The Federal Trade Commission today told the U.S. Senate Committee on Commerce, Science, and Transportation that while the FTC will continue its aggressive law enforcement and consumer education programs in the prepaid calling card arena, pending legislation would benefit consumers by providing “an additional remedy to those already available to the Commission.”
FTC Chairman William E. Kovacic told the Committee that the Commission has been bringing law enforcement actions involving deceptively marketed prepaid phone cards since the 1990s. “This spring, the FTC filed two cases against major distributors of prepaid calling cards.” The FTC alleged that the defendants marketed their cards to recent immigrants, misrepresented the number of calling minutes provided by their cards, and failed to disclose adequately fees and charges associated with their cards. The testimony notes that the FTC conducted tests on the cards before it filed the suits. In the first lawsuit, the cards delivered, on average, less than 43 percent of the advertised calling minutes. In the second suit, the cards delivered, on average, only 50.4 percent of the minutes advertised.
The testimony also notes that the agency works closely with other law enforcement partners on the issue of deceptively marketed prepaid calling cards. “In the fall of 2007, the FTC established a joint federal-state task force concerning deceptive marketing practices in the prepaid calling card industry. The task force members include representatives from the offices of more than 35 state attorneys general and other state and local agencies, and the Federal Communications Commission. Working cooperatively allows us to share information and facilitate law enforcement activity in the prepaid calling card area,” the testimony states.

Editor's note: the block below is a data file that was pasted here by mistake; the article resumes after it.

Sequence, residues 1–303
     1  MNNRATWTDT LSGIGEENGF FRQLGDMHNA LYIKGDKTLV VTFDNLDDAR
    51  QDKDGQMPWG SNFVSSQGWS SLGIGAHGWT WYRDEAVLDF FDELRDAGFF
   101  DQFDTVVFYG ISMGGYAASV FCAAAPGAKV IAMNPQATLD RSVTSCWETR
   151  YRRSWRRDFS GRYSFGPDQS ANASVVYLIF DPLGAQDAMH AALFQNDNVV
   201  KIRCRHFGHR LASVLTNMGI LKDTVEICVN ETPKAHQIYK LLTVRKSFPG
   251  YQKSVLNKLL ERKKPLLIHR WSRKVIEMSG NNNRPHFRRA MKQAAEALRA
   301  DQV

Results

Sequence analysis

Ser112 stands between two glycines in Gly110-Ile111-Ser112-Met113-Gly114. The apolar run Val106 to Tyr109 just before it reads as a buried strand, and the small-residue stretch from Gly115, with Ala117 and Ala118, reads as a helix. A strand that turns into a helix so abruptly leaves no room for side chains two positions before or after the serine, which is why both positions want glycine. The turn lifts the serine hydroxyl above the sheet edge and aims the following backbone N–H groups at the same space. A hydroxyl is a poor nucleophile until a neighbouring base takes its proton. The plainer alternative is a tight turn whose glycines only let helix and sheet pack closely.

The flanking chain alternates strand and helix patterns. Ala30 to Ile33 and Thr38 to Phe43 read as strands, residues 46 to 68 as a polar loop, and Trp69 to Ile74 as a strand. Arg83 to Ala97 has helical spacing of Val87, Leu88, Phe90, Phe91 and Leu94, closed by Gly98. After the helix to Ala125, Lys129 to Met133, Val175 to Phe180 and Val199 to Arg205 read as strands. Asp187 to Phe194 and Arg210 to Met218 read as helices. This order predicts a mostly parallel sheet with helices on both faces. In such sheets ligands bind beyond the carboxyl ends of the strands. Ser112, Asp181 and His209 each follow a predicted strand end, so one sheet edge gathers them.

“The FTC Act’s prohibitions on deceptive and unfair practices provide the Commission with a powerful tool to bring enforcement actions against the distributors of prepaid calling cards,” according to the testimony. “‘The Prepaid Calling Card Consumer Protection Act’ is directed at the conduct of prepaid calling card service providers – carriers – as well as distributors, and therefore would implicitly give the FTC jurisdiction over common carriers engaged in the deceptive practices prohibited by the proposed legislation. Consumers would benefit greatly from legislation giving the FTC jurisdiction over such practices by the telecommunication carriers.” The testimony notes that the legislation also would give the FTC authority to seek civil penalties for violations, thus providing an additional remedy to those already available to the Commission.
The testimony states, “The Commission recognizes that the agency and the Committee share the same goals: stopping unscrupulous calling card companies from defrauding vulnerable consumers . . . [and] looks forward to working with the Committee regarding the language of the legislation as the Committee moves forward.”
The Commission vote to approve the testimony was 4-0.
The Federal Trade Commission works for consumers to prevent fraudulent, deceptive, and unfair business practices and to provide information to help spot, stop, and avoid them. To file a complaint in English or Spanish, visit the FTC's online Complaint Assistant or call 1-877-FTC-HELP (1-877-382-4357). The FTC enters complaints into Consumer Sentinel, a secure, online database available to more than 1,500 civil and criminal law enforcement agencies in the U.S. and abroad. The FTC's Web site provides free information on a variety of consumer topics.
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